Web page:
Scripture, then, makes clear that believers can obey the Great Commission to evangelize the world by taking the Bible as their sole and sufficient guide for faith and practice. This includes avoiding an overemphasis on human experience. Anyone can amass testimonials to support almost any teaching he or she devises, while another person can do the same thing with a contradictory theology. Thus, experience is unreliable as a basis for doctrine. To obey the Great Commission also requires that believers refuse the various theories of men as their guide. This is a recurring theme in the Pastoral Epistles. In them Paul presented Timothy with more than ample reasons for refusing to follow mere human wisdom in his ministry.

Selected Bibliography

    Anderson, Neil T. The Bondage Breaker. Eugene, Oregon: Harvest House Publishers, 1990.

     Anderson, Ray S., ed. Theological Foundations for Ministry. Grand Rapids: William B. Eerdmans Publishing Co., 1979. 

    Caballeros, Harold. "Defeating the Enemy with the Help of Spiritual Mapping." In Breaking Strong­holds in Your City: How to Use Spiritual Mapping to Make Your Prayers More Strategic, Effective and Targeted, ed. Peter Wagner. Ventura, Calif.: Regal Books, 1993.

    Kraft, Charles H. "‘Christian Animism' or God-Given Authority?"  In Spiritual Power and Missions: Raising the Issues, ed. Edward Rommen. Pasadena, Calif.: William Carey Library, 1995.

    Otis, George, Jr. "An Overview of Spiritual Mapping."  In Breaking Strong­holds in Your City: How to Use Spiritual Mapping to Make Your Prayers More Strategic, Effective and Targeted, ed. Peter Wagner. Ventura, Calif.: Regal Books, 1993.

    Priest, Robert J., Thomas Campbell, and Bradford A. Mullen. "Missiological Syncretism: the New Animis­tic Paradigm."  In Spiritual Power and Missions: Raising the Issues, ed. Edward Rommen. Pasadena: William Carey Library, 1995.

    Wagner, Peter. Confronting the Powers. Ventura, Calif.: Regal Books, 1996.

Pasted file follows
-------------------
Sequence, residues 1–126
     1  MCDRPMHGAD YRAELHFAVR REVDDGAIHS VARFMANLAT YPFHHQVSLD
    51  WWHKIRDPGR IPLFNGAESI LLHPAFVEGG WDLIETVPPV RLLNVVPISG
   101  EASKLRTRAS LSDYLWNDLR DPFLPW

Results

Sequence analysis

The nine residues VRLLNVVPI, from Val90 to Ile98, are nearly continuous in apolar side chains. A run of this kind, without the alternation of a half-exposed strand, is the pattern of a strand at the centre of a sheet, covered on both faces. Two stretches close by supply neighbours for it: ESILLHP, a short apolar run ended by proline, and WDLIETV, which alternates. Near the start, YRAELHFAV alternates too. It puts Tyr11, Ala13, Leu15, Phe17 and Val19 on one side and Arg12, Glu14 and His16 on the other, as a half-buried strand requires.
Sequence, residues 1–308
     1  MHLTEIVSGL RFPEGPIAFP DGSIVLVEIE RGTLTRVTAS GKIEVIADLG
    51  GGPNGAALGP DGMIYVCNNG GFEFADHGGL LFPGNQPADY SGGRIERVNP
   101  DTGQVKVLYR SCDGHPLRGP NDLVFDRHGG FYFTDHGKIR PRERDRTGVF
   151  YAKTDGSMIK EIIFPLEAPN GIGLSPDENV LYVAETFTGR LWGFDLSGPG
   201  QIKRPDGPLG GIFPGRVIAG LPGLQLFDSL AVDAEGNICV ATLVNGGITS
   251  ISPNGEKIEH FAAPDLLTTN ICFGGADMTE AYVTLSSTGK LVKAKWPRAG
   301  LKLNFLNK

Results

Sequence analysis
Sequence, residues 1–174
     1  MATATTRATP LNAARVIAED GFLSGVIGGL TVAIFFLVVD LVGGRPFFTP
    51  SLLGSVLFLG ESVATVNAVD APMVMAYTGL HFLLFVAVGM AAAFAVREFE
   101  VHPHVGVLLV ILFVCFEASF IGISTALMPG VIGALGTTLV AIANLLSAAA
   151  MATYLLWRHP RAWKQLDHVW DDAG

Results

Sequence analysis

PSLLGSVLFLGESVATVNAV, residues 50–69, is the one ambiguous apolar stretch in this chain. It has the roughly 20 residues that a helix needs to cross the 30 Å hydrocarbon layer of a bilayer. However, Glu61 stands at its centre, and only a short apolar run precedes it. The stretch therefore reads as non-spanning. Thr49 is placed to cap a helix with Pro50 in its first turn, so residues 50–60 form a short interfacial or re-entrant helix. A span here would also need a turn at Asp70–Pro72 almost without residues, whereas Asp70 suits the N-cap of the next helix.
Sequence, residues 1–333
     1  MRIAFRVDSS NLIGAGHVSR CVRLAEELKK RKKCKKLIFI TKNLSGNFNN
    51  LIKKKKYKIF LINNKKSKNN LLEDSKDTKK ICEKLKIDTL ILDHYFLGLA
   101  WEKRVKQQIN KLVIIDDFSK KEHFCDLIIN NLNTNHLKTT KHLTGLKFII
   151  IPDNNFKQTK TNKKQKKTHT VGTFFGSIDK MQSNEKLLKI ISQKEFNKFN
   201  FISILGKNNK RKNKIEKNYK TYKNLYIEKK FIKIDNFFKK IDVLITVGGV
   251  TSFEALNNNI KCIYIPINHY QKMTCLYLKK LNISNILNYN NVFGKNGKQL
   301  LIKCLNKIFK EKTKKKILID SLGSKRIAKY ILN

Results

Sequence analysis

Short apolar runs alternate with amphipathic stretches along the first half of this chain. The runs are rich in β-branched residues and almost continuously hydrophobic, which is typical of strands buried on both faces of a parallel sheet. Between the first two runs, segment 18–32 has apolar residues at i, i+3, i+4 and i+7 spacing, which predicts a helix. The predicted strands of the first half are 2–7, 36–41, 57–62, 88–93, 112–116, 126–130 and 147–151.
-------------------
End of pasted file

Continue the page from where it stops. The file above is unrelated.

. "Introduction."  In Breaking Strong­holds in Your City: How to Use Spiritual Mapping to Make Your Prayers More Strategic, Effective and Tar­geted. Ventura, Calif.: Regal Books, 1993.

             . "The Visible and the Invisible."  In Breaking Strong­holds in Your City: How to Use Spiritual Mapping to Make Your Prayers More Strategic, Effective and Targeted. Ventura, Calif.: Regal Books, 1993. 


        [1] Peter Wagner, Breaking Strongholds in Your City: How to Use Spiritual Mapping to Make Your Prayers More Strategic, Effective and Tar­geted (Ventura, Calif.: Regal Books, 1993), 65-66.

        [2] Neil T. Anderson, The Bondage Breaker (Eugene, Ore.: Harvest House Publishers, 1990), 223.

[3] George Otis Jr., "An Overview of Spiritual Mapping," in Breaking Strong­holds in Your City: How to Use Spiritual Mapping to Make Your Prayers More Strategic, Effective and Targeted, ed. Peter Wagner (Ventura, Calif.: Regal Books, 1993), 35.

[4] Wagner, Breaking Strongholds, 25.

[5] Peter Wagner, Confronting the Powers (Ventura, Calif.: Regal Books, 1996), 98.

[6] Charles H. Kraft, "‘Christian Animism' or God-Given Authority?" in Spiritual Power and Missions: Raising the Issues, ed. Edward Rommen (Pasadena: William Carey Library, 1995), 113.

[7] Wagner, Confronting the Powers, 162.
[8] Ibid., 64.

[9] Harold Caballeros, "Defeating the Enemy with the Help of Spiritual Mapping," in Breaking Strong­holds in Your City: How to Use Spiritual Mapping to Make Your Prayers More Strategic, Effective and Targeted," ed. Peter Wagner (Ventura, Calif.: Regal Books, 1993), 124-125.

[10] Ray S. Anderson, ed., Theological Foundations for Ministry (Grand Rapids: William B. Eerdmans Publishing Co., 1979), 7.

[11] Wagner, Confronting the Powers, 47.

[12] Robert J. Priest, Thomas Campbell, and Bradford A. Mullen, "Missiological Syncretism: the New Animis­tic Paradigm," in Spiritual Power and Missions: Raising the Issues, ed. Edward Rommen (Pasadena, Calif.: William Carey Library, 1995), 11.

[13] Ibid., 25.